Homebrew fusion drives

Discussion in 'Mac Pro' started by smirk, Nov 29, 2018.

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  1. smirk macrumors 6502a

    smirk

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    Jul 18, 2002
    Location:
    Orange County, CA
    #1
    A few years back, I took apart my 2011 iMac Core i7, added an SSD, and created a homebrew fusion drive with the existing 2 TB mechanical drive. It was like getting a new computer; boot times went from 45+ seconds to something like 15 seconds, and apps felt as if they launched almost instantly.

    I've been thinking of doing the same thing with my Mac Pro 5,1. The main reason is that I don't like dealing with managing and backing up two separate volumes, and repeatedly explaining to family members where they should store their data.

    However, it seems that folks on here have a dim view of fusion drives. "It's two points of failure" is said a lot. Well, I suppose it is, but isn't that why we have backups? :)

    Besides the two points of failure, are there any issues to be aware of when creating a fusion drive on a Mac Pro? Does SATA II bottleneck anything? Are there any APFS concerns?

    Thanks!
     
  2. JedNZ macrumors 6502

    JedNZ

    Joined:
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    Location:
    Deep South
    #2
    I have a Samsung 960 EVO NMVe 500GB M.2 blade paired with a 2TB Western Digital Black Caviar HDD in my Fusion Drive - this is used exclusively for my User data. My boot drive is a Samsung 850 EVO 500GB sitting in an Accelsior S SATA III PCIe adapter.

    My backups (using CCC) are fairly simple - for my boot drive it's just a 1TB spinner, and a 3TB spinner for my User data. Plus I have a 3TB Time Machine spinner for everything (all my macOS and User data), and two separate other USB 3.0 external drives, and a NAS drive. So that's my set up.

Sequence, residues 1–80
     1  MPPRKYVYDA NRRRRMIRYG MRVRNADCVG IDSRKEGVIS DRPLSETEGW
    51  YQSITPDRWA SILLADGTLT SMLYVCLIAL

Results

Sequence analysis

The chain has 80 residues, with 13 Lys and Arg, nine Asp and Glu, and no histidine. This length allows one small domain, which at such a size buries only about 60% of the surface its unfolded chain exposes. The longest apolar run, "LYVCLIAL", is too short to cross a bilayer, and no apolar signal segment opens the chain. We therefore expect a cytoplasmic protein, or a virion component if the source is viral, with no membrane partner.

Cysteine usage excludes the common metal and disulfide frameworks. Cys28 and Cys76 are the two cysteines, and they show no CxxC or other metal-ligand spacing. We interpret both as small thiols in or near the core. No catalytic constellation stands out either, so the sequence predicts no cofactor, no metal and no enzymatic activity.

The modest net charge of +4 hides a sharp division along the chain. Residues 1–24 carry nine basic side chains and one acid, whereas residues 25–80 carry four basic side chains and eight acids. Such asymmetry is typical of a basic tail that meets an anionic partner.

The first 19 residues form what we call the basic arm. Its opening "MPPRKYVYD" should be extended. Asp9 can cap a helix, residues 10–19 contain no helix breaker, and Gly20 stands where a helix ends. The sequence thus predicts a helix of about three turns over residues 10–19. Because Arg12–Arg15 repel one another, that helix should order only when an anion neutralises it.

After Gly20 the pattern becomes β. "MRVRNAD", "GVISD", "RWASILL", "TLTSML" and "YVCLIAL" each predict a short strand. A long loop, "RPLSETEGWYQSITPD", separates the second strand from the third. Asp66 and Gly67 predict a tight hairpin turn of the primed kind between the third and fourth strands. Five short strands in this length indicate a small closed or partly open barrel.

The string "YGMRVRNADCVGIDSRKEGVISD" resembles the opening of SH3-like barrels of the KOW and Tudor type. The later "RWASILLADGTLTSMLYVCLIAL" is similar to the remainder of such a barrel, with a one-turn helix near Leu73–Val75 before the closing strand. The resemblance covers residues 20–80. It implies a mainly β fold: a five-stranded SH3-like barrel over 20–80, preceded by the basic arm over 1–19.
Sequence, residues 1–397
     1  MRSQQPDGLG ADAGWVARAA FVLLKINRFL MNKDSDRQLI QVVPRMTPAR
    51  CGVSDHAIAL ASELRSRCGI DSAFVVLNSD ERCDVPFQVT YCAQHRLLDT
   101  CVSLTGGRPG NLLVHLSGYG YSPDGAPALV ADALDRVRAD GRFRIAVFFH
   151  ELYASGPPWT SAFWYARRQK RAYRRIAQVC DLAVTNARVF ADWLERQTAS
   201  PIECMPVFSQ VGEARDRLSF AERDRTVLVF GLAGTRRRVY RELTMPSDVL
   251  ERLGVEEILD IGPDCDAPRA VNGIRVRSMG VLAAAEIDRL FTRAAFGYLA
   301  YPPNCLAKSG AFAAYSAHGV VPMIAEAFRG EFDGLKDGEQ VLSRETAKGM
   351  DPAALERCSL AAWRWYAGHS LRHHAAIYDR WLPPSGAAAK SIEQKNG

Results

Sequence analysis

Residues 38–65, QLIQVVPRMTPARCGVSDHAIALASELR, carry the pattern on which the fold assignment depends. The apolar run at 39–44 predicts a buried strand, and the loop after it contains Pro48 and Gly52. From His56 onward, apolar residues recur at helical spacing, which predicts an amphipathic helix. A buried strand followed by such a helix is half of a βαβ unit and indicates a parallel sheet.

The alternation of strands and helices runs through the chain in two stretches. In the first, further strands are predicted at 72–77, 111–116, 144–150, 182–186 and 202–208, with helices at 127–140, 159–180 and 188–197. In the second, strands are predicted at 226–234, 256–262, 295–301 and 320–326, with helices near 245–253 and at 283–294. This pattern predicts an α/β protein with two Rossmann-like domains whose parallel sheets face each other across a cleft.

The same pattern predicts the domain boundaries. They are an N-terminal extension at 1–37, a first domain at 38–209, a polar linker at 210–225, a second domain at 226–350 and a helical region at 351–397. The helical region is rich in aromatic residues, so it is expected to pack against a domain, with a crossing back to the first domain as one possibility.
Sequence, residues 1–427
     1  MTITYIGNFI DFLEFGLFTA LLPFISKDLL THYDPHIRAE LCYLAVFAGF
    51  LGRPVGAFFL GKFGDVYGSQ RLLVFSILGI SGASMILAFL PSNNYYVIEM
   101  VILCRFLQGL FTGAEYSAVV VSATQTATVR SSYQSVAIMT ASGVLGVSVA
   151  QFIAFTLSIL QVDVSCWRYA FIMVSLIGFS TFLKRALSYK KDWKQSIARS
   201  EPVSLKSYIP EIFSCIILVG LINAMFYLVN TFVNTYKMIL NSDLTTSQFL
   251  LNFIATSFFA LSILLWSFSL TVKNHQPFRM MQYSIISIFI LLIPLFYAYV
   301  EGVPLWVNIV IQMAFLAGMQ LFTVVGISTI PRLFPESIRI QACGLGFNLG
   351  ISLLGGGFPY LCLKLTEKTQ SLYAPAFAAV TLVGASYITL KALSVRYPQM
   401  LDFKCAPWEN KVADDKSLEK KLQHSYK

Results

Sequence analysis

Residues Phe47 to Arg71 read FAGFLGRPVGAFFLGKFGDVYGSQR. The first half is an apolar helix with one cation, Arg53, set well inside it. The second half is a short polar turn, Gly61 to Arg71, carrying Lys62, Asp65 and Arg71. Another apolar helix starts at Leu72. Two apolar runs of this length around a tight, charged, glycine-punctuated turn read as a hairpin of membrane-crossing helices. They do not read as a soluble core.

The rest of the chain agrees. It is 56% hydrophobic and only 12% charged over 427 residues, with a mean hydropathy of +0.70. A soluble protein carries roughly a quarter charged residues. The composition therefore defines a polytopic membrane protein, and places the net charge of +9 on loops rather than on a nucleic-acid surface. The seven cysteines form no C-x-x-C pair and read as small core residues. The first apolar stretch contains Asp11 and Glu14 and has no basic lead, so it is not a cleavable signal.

My Fusion Drive (FD) is impressively fast for saving/reading data files (R/W ~1500MB/s) because it is separate from my boot drive (R/W 525 MB/s), so my applications and macOS aren't inhibited by the User data being read/writes. I love those FD bursts upwards of 1500 MB/s when loading games, particularly the intro video components, rending video, saving graphics files etc.

    Problems? I have had almost no issues with my FD in the nearly two years I've had it. I had to rebuild it once when I had weird behaviour, probably corrupted when I fried one of my CPUs. My backups saved much time and hassle restoring everything.

    SATA II issues? Not any perceptible issues. SATA II is slow, and the only "slow" experience is when the FD offloads seldom used data from the NVMe to the HDD. And benchmark speed testing doesn't give me great results because one of the characteristics of a FD is that it only leaves about 4GB of room on the NVMe for new data, so when testing the speed it fills that 4GB first, and then slows continues the rest of the benchmark writing to the SATA II HDD at up to 180 MB/s. A much larger NVMe (1TB or larger) will mean more FD data is on the NVMe which will lessen the frequency of shifting often/seldom used data between the NVMe and the HDD, making for a better and faster experience.